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Looked after children

A child who has been in the care of their local authority for more than 24 hours in known as a looked after child. Looked after children are also often referred to as ‘children in care’.

Children can looked after by agreement with parents or by order of a court. Most children in care are safe from harm and do well, however for some there are particular risks.

Children who are looked after may be living:

  • with foster parents;
  • at home with their parents under the supervision of Children’s Social Care;
  • in a residential children’s home;
  • with extended family members (known as kinship placements);
  • with friends of the family (also known as non-relative placement); or
  • other residential settings like schools or secure units.

Therefore, even though the child is looked after, they may not be living in what may be traditionally seen as a “care” environment.

A child stops being looked after when they are adopted, return home or turn 18. However local authorities are required to support children leaving care at 18 until they are at least 21. This may involve them continuing to live with their foster family.

The main reason for children being in care remains as a result of abuse and neglect. Other reasons for being looked after include:

  • family dysfunction (England: 15%)
  • family in acute stress (England: 8%)
  • child’s disability (England: 3%)
  • parent’s illness or disability (England: 3%)
  • socially unacceptable behaviour (England: 1%)

Children in care have many different experiences prior to becoming looked after, and this increases their vulnerability.

Children who are looked after often face more vulnerabilities and a number of additional risks, which can include:

  • being bullied or abused by peers;
  • more likely to be the target of sexual exploitation;
  • significantly more likely to run away from home;
  • misusing substances due to early life experiences;
  • suffering social, emotional and mental health difficulties due to trauma &/or separation and loss;
  • having some form of developmental delay;
  • potentially having issues with their identity;
  • greater risk of offending behaviour;
  • risk of educational failure and exclusion;

Research shows that many of these risks are reduced when there is stability in placement with good professional support from a range of agencies.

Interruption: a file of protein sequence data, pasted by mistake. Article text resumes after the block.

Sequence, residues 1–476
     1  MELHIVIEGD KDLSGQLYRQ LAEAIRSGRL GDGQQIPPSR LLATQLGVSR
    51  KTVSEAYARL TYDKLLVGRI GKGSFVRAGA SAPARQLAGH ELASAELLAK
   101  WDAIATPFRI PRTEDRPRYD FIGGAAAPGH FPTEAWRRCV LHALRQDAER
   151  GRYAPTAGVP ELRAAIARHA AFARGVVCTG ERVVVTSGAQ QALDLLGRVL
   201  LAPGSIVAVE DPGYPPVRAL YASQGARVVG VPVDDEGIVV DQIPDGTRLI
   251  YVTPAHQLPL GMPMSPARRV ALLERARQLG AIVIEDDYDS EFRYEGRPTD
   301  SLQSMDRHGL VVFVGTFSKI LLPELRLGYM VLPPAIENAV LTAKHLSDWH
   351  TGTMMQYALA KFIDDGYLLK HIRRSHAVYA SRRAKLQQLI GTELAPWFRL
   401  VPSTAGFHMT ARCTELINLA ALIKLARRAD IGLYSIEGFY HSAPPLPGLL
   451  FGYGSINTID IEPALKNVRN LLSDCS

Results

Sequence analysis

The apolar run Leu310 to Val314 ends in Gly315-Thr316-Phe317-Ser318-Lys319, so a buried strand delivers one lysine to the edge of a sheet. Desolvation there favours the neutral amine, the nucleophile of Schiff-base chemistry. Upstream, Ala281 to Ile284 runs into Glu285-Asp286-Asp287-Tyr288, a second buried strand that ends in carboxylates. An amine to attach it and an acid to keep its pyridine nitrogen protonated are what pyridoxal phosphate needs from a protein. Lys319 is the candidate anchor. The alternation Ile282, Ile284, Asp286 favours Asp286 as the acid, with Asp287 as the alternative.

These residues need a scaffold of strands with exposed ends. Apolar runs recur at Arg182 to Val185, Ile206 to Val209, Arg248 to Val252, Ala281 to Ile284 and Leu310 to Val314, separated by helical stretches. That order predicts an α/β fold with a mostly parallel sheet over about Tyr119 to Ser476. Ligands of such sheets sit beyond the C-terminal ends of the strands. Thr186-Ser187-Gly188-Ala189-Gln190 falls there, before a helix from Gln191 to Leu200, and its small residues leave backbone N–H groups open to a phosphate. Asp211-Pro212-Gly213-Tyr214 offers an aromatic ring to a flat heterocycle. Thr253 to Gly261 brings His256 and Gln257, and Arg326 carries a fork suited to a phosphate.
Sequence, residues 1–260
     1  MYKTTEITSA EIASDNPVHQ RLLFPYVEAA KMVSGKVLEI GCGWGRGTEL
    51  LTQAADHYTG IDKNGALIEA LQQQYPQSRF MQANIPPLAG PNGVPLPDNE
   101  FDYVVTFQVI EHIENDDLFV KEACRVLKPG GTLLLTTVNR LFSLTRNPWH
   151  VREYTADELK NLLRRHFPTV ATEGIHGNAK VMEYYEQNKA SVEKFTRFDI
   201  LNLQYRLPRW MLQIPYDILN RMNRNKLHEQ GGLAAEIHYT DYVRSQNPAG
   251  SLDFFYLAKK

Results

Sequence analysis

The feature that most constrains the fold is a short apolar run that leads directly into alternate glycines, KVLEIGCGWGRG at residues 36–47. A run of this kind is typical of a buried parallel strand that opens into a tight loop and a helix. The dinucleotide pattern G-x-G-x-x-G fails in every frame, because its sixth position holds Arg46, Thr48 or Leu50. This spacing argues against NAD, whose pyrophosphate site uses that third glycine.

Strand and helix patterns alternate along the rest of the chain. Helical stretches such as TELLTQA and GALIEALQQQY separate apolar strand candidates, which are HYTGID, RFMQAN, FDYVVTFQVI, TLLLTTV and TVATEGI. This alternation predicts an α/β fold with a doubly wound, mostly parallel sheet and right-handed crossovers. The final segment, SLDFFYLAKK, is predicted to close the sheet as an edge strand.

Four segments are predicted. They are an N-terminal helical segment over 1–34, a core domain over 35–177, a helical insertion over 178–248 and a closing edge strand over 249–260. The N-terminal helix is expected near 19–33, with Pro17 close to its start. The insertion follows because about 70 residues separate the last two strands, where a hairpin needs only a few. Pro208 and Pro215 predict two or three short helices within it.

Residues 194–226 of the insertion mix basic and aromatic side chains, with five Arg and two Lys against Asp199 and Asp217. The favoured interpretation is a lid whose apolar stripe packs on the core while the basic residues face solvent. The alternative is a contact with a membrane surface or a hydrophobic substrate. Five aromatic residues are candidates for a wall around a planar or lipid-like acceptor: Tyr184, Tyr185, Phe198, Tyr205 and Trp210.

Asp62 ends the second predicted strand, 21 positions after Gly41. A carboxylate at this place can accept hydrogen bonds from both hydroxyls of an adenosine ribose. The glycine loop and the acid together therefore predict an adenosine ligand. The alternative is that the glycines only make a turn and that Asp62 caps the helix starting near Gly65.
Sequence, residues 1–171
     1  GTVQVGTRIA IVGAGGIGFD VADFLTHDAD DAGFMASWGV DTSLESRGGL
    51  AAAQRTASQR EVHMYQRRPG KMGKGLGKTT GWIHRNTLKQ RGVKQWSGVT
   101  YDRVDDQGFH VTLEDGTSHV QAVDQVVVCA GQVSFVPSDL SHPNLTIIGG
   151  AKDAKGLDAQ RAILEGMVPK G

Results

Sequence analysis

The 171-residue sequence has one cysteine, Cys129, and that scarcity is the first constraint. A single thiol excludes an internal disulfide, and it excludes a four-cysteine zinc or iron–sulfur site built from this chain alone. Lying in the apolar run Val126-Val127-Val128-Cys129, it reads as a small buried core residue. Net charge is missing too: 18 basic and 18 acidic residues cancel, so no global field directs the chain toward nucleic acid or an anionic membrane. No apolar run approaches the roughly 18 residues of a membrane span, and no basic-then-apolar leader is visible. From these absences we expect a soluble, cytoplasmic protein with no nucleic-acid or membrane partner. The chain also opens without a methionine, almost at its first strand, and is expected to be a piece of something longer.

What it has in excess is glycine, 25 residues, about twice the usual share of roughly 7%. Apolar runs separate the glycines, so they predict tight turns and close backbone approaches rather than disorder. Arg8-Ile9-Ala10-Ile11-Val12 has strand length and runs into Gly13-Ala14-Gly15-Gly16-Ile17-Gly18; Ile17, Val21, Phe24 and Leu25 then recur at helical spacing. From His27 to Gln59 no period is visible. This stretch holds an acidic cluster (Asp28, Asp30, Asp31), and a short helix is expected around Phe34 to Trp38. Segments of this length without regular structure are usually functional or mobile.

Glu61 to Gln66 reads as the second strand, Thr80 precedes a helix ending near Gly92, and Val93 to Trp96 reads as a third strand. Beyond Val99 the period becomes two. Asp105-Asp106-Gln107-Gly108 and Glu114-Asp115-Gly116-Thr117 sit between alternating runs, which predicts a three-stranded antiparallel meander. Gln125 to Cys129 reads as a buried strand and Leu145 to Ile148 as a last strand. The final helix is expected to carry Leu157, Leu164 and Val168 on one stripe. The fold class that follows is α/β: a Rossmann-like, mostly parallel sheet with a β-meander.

Schools play a key role in protecting children in care.  Although every school should have a designated teacher for looked after children, it is everyone’s responsibility to make sure that children who are looked after are safeguarded.

  • Be aware of signs of abuse and neglect.
  • Be aware of vulnerabilities of children in care.
  • Focus on the individual needs of the child.
  • Know what the specific plans are for any looked after child that you are responsible for.
  • Listen to the child’s voice and act upon it.
  • Work collaboratively with other agencies.
  • Report any concerns to the designed safeguarding lead and follow your safeguarding procedures.

Health providers need to be aware that looked after children are over four times more likely to have an emotional or mental health need than their non-looked after peers. Local authorities and commissioners and providers of healthcare have statutory duties to co-operate to ensure that looked after children have their health needs fully assessed.

It’s important for professionals to support the child’s birth family, to address the problems which resulted in the child entering care. In time, many children can return home to their family but even if this is not possible their birth family are still likely to be a central part of their lives.

The quality of contact a child has with their birth family can have an impact on their wellbeing, so it’s important to support children to have safe, positive contact with their birth families if the child wants to. Strengthening family relationships is an essential part of planning for children to rebuild their relationships with their family for future.

Children in Care Council – a group of young people dedicated to improving the services in Portsmouth provided for looked after children, as well as care leavers.

The Really Useful Book of Learning and Earning (RUBLE) for Care Leavers – provides information, advice and activities to help care leavers get used to living independently and make decisions about education and work.

NSPCC guidance on looked after children